Archive for the 'Rolling With friends' Category

A Different Kind of Labor Day

Alternate Post Title: FRIKKIN’ FINALLY!!

Generally speaking, I don’t approve of failure through not trying. If I go out, give something my all, and then find out I can’t do it — fair enough. I need to train more/work harder/grow taller/read books/sleep less… whatever. Tried + fail = ok. Room to grow. Applies to all facets of life really. On the flip side, failing at something due to complete inaction? Problematic. I accept that I can’t be good at everything (or even, really, a lot of things), but I can’t accept that until I’ve at least tried it. Could I be a scuba diver? Maybe not… but until I take a course, strap on the gear, and hop in the water… how will I know?

This “guiding principle to life” is why the latest failure on Old La Honda really got in my head. I knew I could ride that hill. I’d dominated (or at least limped through) bigger and bad-assier hills than OLH. Multiple times. In sometimes ridiculous weather conditions. How is it possible that this one stupid road bump continued to elude me?! Often through no fault of my own! I steamed over it for about a week. Grumbled, bitched, kvetched… whatever you wanna go with. Until Julie (probably annoyed at said whining) says to me — “Do something about it. Let’s ride it.”

Like alone? Without SAG and team encouragement? Give up on my “doomed to fail at Old La Honda forever” posture and… just… ride it?! Well shit. Now there’s an idea! We could just pick a route. Map one out designed specifically to ensure OLH climbing success. Short warm up and then straight to the hill (no “extra” climbs to break down the legs early). Down 84 and then another short cooldown back to the start. This could work! I know how to make route sheets!!

And so I did. I hopped my tail over to MapMyRide, picked a known starting area and mapped out a ~30mile loop designed purely around climbing the “Bay Area Hill Standard.”  The following Monday was Labor Day, so Julie and I decided to make the most of a long holiday weekend and met up around 9am to get ‘er done. We rolled out pretty casually, and took our time warming up the legs through the back rounds of Menlo Park and into Woodside. The roads were surprisingly empty for a holiday weekend (maybe everyone else was at the beach? Or BBQ-ing?), and the weather was perfect — sunny with just a few puffy clouds; warm without being hot.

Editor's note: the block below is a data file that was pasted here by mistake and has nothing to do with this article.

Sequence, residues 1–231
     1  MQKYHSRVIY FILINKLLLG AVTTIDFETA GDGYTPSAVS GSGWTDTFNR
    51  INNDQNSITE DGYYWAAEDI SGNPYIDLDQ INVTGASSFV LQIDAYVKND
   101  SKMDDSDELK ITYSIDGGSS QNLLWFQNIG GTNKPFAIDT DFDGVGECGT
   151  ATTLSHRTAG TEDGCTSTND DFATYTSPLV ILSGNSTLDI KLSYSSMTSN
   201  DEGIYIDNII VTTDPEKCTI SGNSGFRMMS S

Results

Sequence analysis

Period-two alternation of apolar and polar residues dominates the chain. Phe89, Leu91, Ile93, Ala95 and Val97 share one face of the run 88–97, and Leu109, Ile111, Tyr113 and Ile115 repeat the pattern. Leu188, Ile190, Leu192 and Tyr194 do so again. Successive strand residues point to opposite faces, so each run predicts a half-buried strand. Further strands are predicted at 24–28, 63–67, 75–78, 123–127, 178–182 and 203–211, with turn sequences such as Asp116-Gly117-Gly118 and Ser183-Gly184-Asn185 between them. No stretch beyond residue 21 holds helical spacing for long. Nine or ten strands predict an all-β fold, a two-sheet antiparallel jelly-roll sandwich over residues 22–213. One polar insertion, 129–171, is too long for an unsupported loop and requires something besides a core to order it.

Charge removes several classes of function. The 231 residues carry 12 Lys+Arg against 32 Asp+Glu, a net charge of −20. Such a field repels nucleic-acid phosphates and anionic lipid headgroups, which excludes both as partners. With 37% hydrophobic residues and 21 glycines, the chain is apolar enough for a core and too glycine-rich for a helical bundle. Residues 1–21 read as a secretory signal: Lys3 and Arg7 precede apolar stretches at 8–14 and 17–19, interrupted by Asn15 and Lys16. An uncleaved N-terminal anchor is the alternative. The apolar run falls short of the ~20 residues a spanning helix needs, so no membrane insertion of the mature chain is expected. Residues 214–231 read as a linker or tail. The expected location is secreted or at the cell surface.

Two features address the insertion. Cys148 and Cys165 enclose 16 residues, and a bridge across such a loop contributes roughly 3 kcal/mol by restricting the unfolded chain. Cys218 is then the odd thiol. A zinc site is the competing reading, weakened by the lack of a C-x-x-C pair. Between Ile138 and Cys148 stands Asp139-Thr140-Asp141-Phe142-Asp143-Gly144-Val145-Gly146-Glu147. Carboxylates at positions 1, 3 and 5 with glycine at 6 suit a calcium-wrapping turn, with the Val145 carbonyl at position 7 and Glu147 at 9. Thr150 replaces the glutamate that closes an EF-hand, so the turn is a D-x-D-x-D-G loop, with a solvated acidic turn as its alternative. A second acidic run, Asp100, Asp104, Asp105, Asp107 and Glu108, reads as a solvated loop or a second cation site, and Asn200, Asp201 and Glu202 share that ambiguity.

By the time we hit Portola Road, I was feeling pretty good. My chest was bothering me (yet), and you really couldn’t ask for a better day to be on the bike. By the time we hit the base of Old La Honda, I was raring to go. Julie and I stopped at the bottom, Gu’d up, and then agreed to meet at the top. I took a deep breath (or as close as I could come to it), clipped in and started spinning.

The climb was surprisingly easy… which I think makes sense compared to how much it had obviously been built up in my mind. Now, I’m not saying that it wasn’t work, because it was. There are bastardly punchy sections of that hill that exist solely to make you pop kidneys. There are unexpected switchbacks that make you wonder if there is, in fact, a top to this thing. There are, in some cases, couples riding side by side in matching rainbow jerseys just fast enough to stay ahead of you… but just slow enough to make you think you could get by if you tried. For the record, those suck. I spiked my heart rate at least three times trying to pass, or passing and then getting lapped by, a couple wearing rainbow argyle. I really hate climbing directly behind someone… but couldn’t quite seem to break the pace with these folks. Grrrr!

For extra bonus fun, sometimes there are fail route sheets. As it turns out, if someone were to accidentally include the west segment of Old La Honda in the route, it might make you think that the hill was 3 miles longer than it actually is. This in turn might make you aggressively start throwing down GU, spitting wrappers on passerbys… 1/8th of a mile before the summit. And by “might”, I mean “did.” I made the fail route sheet, thought I was 3-3.5 miles from the end and, feeling kinda tired, decided I should proactively take down some carbs. A couple passing me on the left (who, thankfully, didn’t actually get hit by my spit) chatted me up as they went by. On finding out this was my first time climbing OLH, they congratulated me on finishing the climb. I yell back (as they start to pull away) that they should hold their congrats until I actually finish… only to find them at the top, just around the next switchback. Who knew?!

I’d like to say my feeling of finally cresting Old La Honda was euphoric – I mean, I’d stressed about it enough that it should have been – but I was so dang surprised to actually have hit the summit that my first reaction was “Damnit! I could’ve had a better time if I’d know the top was that close!” About five minutes later, the joy-part set in and I stood around grinning at random people (and telling them all about my “first time”) while I waited for Julie to finish her climb. Thankfully, most cycling folks at least remember being noobs once upon a time — and they bore my enthusiasm graciously.